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In 1976 Tim Brady from Weaverville caught the California record smallmouth bass in Trinity Lake. The quiet lake still draws anglers today, both for the fishing and the outstanding history and recreation nearby.
Construction of Trinity Dam on the Trinity River started in 1957 and was completed in 1962. The resulting impoundment is in Trinity County, southeast of the Klamath Mountains in northern California. The reservoir is managed by the US Bureau of Reclamation and was created for hydroelectric power and irrigation. In 1964 the reservoir was named Clair Engle Lake after United States Senator Clair Engle. Area residents, however, never adopted the name, and the lake was renamed Trinity Lake in 1997. Many maps mistakenly refer to the lake as Clair Eagle Lake.
In addition to smallmouth bass, Trinity Lake has healthy populations of largemouth bass, kokanee salmon, and German brown and eastern brook trout. The rainbow trout fishing is also very good. The Trinity River Fish Hatchery below Lewistown Lake, about 15 miles from Trinity Lake, is operated by the California Department of Fish and Game. The hatchery on the Trinity River raises salmon to compensate for salmon lost because of the dams. It is open to the public.
Trinity Lake has a reputation for being peaceful and uncrowded. There are public boat launches and marinas with boat and houseboat rentals. Accommodations include lakeside cabin rentals and nearby RV parks and campgrounds. Vacation rental homes are available nearby on Cross Creek and the Trinity River. Water skiers and other water sports enthusiasts enjoy the expanse of deep blue water.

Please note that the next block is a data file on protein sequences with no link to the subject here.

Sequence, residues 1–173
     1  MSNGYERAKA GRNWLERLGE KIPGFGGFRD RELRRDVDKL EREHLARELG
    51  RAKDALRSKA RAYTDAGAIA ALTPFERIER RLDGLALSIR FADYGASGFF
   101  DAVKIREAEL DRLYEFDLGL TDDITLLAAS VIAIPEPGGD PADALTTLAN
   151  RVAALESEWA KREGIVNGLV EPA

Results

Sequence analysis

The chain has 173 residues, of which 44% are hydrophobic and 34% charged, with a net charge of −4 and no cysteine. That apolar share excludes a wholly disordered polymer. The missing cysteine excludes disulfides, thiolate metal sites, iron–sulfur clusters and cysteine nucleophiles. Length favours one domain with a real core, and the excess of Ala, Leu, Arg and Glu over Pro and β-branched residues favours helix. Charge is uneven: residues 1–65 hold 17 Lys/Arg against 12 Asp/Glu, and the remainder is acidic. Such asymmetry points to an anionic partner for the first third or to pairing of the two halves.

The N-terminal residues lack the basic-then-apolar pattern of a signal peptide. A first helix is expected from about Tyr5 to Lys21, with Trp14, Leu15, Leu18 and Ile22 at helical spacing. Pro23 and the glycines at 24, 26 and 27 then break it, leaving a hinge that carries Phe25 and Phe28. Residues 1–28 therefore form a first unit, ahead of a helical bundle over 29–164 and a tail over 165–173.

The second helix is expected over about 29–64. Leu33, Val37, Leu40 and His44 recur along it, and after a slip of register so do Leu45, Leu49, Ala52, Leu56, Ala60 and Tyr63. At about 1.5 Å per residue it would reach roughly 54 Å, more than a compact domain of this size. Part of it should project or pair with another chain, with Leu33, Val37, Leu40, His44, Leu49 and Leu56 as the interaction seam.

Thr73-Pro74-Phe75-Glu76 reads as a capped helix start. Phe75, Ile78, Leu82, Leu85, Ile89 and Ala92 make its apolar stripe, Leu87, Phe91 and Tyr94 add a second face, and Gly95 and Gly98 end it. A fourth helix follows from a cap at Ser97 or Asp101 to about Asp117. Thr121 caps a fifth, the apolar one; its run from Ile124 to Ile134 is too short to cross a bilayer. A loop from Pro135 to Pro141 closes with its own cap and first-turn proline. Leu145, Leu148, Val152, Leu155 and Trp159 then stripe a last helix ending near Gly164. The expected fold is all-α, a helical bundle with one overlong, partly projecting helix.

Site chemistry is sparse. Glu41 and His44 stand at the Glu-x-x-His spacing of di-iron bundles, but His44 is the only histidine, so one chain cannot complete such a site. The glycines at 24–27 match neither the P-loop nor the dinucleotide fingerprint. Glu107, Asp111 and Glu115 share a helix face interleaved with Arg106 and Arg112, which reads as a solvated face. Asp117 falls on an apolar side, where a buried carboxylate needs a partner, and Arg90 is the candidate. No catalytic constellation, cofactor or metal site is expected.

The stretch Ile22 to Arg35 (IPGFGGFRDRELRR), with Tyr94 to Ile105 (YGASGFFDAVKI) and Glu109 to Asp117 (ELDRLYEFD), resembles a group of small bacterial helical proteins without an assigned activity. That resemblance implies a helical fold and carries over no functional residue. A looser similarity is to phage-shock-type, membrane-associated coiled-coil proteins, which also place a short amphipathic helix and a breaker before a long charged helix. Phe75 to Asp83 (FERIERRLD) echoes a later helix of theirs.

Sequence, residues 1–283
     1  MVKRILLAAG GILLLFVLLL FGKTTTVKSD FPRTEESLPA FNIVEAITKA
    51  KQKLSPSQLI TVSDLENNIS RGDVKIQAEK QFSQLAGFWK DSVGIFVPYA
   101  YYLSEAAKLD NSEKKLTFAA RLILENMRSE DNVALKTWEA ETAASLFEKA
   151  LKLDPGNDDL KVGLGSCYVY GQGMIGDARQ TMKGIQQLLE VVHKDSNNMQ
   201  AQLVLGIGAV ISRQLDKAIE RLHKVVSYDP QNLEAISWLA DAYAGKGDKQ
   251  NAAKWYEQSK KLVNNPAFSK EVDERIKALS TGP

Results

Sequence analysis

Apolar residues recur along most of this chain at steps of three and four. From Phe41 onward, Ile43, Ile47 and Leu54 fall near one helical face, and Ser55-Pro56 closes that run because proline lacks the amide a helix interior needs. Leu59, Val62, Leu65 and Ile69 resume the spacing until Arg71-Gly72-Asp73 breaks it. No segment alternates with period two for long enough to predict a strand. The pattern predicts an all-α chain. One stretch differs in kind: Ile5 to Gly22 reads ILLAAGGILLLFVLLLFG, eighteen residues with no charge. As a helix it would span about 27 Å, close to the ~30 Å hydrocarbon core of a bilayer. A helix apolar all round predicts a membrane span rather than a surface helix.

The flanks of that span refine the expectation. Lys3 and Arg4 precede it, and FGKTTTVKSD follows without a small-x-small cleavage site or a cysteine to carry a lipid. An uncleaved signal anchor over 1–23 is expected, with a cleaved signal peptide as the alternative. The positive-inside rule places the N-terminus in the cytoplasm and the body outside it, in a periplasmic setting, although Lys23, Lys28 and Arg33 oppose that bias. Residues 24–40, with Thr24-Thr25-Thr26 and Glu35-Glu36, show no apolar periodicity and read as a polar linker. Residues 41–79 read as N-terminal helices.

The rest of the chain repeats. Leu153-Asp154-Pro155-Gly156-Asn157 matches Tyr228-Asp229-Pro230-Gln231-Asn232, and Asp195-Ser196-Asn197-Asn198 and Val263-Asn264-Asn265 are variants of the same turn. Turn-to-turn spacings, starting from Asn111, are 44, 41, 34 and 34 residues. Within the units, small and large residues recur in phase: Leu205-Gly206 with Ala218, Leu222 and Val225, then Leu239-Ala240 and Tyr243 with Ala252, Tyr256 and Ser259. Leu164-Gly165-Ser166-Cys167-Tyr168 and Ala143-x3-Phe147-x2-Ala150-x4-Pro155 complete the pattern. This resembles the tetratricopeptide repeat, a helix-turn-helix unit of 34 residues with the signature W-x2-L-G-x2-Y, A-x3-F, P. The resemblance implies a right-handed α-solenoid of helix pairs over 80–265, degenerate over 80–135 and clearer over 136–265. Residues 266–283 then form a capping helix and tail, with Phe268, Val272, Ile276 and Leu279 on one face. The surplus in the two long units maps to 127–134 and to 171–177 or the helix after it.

There are several miles of hiking trails near Trinity Lake, including the Trail of Trees, a loop trail at the Tannery Gulch Campground. The Trinity Lakeshore Trail is a four mile long trail that winds along the shoreline. Hikers might have a chance to see one of the ten pairs of bald eagles that nest around the lake. Bald eagles mate for life and usually nest in the same spot year after year.
Hikers can also explore historical sites near the Trinity Lake. Bowerman Barn was built in 1878 by Jacob Bowerman who moved to California from Ohio. Bowerman ran a successful ranch with his brother John. Jacob and his wife Anna had two sons, and Anna ran an inn called the "Bull Pen." The barn is an exceptional example of 19th century craftsmanship. Today the barn is on the National Register of Historic Places. It can be reached from the trail on the shore of Trinity Lake.
Visitors interested in history may also enjoy the Joss House State Park. The state park is the home of the Temple of the Forest Beneath the Clouds which is the oldest continuously used Chinese temple in the California. The existing temple was built in 1874 after the old temple burned down. The temple was built to be used by the immigrant Chinese miners who worked the gold rush during the mid 1800's. The state park is near the lake in Weaverville.
It is an easy drive from Trinity Lake to the Whiskeytown-Shasta-Trinity National Recreation Area and the Shasta-Trinity National Forest. At 2.1 million acres it is the largest forest in California. There is hiking, mountain climbing, horseback riding, skiing, cross country skiing, snowmobiling, and hunting.
With exceptional fishing, rich history, and recreation opportunities of the lake and surrounding area, Trinity Lake has something to please everyone.
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